Fruit juices contain just as much sugar as cola, an expert has warned
AN author of a controversial report challenging the benefits of conventional heart medication has proposed a Middle East ban on the advertising of junk food and sugary drinks.
UK-based consultant cardiologist Dr Aseem Malhotra also suggested banning the sale of chocolate and junk food in hospital vending machines.
The GDN reported yesterday that he authored a report questioning the use of statins to treat heart patients, which prompted opposition from doctors in Bahrain.
However, his ideas for improving people’s eating habits have been backed by former Health Ministry nutrition department head Dr Nadia Gharib.
“Sugary drinks are a concern worldwide and we see that sugar is added unnecessarily into these drinks,” said Dr Gharib.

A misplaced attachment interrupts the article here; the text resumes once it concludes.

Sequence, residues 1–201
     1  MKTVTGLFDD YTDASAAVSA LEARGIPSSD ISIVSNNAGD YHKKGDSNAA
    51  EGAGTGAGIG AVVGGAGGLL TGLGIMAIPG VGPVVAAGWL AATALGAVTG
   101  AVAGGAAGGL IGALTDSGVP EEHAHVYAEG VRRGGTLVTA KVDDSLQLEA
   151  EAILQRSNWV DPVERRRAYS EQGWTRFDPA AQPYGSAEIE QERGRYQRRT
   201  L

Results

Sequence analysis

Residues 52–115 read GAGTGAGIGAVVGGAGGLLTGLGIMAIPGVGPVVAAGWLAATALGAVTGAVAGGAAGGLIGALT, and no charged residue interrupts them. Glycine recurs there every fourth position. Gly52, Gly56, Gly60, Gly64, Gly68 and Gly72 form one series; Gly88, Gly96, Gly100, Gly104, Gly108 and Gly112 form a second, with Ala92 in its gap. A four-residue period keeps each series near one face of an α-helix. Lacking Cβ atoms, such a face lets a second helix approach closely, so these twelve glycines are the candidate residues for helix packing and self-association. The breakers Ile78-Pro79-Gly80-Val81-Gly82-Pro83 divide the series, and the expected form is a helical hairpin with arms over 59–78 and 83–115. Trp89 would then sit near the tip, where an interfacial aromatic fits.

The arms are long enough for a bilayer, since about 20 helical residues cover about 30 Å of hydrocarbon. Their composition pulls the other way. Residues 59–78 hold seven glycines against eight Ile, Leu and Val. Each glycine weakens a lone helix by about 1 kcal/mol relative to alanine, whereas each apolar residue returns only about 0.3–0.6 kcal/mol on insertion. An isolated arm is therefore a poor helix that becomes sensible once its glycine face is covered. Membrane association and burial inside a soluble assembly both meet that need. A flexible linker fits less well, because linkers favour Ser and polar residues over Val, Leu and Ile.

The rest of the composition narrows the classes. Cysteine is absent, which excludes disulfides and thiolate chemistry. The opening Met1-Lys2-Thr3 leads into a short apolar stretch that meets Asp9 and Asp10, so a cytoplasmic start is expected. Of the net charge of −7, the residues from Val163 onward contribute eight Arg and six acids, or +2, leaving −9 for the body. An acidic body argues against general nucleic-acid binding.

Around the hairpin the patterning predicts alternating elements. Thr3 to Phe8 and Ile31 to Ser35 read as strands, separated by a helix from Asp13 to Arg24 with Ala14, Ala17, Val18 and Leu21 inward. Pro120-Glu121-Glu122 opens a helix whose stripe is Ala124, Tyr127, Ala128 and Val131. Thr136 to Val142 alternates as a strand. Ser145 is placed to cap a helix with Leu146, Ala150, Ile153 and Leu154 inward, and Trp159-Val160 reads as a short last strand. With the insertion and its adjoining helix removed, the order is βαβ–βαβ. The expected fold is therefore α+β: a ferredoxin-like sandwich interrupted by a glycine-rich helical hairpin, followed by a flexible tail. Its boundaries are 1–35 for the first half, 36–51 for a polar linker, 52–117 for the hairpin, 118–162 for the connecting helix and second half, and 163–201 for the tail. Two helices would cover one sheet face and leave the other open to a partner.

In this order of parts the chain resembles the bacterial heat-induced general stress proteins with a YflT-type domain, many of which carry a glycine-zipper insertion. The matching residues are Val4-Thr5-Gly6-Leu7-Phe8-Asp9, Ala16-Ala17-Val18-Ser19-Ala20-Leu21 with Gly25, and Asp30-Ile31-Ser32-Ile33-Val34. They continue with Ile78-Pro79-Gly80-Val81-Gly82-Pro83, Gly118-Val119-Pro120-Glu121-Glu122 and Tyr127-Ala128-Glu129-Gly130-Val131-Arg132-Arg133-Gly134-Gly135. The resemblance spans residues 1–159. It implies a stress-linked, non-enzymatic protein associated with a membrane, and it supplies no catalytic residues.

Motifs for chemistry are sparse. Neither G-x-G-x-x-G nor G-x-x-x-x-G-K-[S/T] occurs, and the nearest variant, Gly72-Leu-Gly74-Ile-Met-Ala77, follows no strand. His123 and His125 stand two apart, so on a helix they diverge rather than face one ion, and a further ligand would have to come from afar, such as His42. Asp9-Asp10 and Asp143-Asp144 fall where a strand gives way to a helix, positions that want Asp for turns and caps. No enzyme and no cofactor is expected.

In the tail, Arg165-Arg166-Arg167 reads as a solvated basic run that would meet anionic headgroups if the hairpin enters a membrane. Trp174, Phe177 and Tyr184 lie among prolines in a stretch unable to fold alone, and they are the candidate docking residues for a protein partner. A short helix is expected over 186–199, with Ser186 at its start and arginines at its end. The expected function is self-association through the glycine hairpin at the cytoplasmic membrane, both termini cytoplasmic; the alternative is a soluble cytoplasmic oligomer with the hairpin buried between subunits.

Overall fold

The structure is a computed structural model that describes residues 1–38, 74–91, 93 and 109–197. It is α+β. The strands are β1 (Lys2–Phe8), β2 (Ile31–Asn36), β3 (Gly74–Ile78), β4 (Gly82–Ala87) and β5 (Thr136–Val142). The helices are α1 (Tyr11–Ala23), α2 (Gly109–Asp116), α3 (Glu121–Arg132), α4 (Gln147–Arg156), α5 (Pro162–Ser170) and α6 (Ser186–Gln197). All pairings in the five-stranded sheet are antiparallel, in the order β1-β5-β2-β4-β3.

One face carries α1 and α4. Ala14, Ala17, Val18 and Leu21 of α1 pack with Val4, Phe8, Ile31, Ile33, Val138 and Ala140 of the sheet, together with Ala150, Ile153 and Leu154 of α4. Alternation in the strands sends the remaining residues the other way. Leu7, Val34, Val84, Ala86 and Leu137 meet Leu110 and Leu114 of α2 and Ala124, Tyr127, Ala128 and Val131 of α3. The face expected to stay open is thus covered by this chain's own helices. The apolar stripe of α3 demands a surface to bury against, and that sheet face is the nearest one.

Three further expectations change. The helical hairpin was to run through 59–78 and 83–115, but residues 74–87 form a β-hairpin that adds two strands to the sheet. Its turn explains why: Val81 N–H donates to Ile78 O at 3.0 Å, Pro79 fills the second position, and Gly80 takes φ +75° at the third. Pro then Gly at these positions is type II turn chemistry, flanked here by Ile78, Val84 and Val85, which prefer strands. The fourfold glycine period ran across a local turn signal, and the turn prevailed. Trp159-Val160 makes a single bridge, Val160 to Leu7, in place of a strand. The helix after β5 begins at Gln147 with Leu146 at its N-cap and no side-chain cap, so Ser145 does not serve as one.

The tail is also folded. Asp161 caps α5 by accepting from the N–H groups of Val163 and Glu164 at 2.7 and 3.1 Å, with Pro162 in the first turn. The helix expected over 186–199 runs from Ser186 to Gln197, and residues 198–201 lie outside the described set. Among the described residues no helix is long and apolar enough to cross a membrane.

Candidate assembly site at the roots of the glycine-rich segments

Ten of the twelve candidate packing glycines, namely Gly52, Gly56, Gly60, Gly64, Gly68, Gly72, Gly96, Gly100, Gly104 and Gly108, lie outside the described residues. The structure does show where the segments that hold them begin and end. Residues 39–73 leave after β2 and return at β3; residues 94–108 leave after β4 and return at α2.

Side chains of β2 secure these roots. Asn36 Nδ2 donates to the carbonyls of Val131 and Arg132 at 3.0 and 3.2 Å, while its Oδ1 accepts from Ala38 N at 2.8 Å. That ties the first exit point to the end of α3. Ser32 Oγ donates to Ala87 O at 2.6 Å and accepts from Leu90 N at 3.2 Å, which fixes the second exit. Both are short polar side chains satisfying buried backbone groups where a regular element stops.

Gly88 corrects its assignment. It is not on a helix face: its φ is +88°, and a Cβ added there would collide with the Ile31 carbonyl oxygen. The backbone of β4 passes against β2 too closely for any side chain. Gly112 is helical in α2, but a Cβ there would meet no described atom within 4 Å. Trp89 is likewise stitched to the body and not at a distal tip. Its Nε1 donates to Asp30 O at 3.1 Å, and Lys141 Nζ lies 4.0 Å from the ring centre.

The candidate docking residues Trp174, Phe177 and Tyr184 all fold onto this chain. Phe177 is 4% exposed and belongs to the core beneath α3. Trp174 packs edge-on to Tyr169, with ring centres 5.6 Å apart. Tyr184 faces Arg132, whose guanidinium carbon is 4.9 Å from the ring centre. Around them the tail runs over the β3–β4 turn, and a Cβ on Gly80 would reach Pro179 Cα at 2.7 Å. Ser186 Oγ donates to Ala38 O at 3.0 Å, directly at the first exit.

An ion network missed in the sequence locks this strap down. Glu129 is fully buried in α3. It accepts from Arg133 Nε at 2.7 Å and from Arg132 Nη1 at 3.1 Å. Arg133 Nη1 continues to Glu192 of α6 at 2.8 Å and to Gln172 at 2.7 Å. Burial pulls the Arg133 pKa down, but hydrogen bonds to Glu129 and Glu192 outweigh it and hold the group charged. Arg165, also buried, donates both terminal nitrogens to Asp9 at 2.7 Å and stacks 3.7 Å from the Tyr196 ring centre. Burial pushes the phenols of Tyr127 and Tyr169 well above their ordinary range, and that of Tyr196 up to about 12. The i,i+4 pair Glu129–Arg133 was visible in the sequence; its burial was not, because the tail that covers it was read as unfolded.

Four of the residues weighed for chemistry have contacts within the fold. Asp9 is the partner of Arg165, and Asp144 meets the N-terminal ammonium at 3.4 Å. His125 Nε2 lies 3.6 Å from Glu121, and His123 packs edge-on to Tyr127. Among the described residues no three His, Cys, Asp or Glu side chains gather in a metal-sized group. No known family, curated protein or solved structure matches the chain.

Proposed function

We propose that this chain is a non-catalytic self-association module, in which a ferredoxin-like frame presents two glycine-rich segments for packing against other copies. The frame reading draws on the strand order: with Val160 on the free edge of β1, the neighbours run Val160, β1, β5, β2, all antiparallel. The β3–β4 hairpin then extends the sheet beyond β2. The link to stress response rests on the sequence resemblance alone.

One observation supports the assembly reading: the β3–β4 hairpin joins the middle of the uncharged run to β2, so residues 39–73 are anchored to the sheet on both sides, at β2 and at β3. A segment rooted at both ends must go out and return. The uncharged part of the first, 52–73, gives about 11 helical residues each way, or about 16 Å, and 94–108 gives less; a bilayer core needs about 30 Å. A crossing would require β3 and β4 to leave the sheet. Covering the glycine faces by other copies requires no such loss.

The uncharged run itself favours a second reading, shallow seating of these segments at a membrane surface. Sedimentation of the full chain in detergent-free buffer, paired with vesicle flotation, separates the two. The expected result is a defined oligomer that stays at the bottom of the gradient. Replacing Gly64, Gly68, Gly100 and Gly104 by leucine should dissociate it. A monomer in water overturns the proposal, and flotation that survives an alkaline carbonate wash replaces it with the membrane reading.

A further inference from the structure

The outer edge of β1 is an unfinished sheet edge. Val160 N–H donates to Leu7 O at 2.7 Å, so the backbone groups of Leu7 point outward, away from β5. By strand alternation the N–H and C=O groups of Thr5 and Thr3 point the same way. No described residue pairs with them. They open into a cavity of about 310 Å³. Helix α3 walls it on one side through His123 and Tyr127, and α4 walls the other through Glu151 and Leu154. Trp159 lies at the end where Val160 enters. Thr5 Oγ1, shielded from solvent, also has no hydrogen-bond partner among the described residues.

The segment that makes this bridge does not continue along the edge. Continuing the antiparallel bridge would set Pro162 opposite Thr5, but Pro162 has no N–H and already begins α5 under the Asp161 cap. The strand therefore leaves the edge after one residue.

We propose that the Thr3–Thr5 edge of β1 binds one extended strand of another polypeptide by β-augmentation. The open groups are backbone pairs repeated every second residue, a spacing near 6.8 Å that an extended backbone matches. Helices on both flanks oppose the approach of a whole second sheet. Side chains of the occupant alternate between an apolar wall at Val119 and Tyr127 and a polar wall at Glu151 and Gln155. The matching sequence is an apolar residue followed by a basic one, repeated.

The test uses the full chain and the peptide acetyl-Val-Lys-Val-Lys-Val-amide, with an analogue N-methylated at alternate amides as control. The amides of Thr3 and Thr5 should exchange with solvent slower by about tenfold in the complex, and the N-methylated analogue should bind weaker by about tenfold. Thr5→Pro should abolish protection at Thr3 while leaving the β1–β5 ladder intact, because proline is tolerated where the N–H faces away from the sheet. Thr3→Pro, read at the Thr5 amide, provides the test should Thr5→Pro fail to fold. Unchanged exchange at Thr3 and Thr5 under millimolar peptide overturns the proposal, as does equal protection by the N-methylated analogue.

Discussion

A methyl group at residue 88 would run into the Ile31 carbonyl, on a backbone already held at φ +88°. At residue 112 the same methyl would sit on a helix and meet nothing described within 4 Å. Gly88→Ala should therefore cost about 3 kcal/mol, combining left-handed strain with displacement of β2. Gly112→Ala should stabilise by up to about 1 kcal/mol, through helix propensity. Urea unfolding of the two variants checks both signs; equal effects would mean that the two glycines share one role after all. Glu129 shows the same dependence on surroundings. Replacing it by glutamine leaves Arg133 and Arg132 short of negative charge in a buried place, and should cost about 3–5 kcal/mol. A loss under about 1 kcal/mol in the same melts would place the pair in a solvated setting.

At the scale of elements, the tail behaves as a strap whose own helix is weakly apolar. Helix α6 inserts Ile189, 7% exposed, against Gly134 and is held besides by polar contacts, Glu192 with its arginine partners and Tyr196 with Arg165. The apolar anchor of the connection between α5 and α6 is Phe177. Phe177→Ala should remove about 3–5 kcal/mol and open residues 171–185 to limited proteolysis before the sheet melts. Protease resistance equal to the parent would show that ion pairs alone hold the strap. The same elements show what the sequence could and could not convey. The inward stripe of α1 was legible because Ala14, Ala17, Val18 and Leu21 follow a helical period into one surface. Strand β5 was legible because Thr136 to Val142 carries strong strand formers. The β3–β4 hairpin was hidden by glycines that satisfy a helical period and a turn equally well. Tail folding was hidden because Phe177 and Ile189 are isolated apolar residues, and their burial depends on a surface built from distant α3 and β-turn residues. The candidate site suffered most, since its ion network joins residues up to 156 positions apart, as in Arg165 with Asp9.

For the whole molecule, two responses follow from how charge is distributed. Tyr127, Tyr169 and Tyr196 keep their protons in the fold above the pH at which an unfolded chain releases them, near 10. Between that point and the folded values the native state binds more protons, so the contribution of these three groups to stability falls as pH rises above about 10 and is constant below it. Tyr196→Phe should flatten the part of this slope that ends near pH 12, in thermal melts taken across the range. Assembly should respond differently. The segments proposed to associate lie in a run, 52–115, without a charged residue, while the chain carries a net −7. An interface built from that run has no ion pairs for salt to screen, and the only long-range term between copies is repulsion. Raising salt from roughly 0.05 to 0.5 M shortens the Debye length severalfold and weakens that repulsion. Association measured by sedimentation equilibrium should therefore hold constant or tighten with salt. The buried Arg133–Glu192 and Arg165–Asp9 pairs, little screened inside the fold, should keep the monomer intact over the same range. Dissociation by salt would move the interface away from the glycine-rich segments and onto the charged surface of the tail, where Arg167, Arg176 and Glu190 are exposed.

“They say it is fortified, but I can say that more than 50 per cent of the sugar added is not natural.
Dr Gharib and Dr Malhotra
“It is the white sugar, which is full of calories, and we need a law or regulation to curb this.
“In Bahrain we can bring in regulation that would ban products containing a certain amount of sugar from entering the country.”
Dr Malhotra, who is based at Hertfordshire’s Lister Hospital in Stevenage, said at the very least such products should carry health warnings.
“This is a real problem in the Middle East and if I had a magic wand as a doctor who cares about your health, I would personally have them eliminated from the food supply,” he said.
“At the very least there should be warnings on sugary drinks, which include fruit juice as well because it is not healthy – it has the same metabolic effect on the body, in terms of liquid sugar, as having a can of cola.
“No parents should think they are giving children something healthy when they are giving them these juices.
“All sugary drinks must be significantly limited in consumption and among children in particular.
“There should be legislation that bans junk food advertisement and endorsement of sugary drinks in the media.”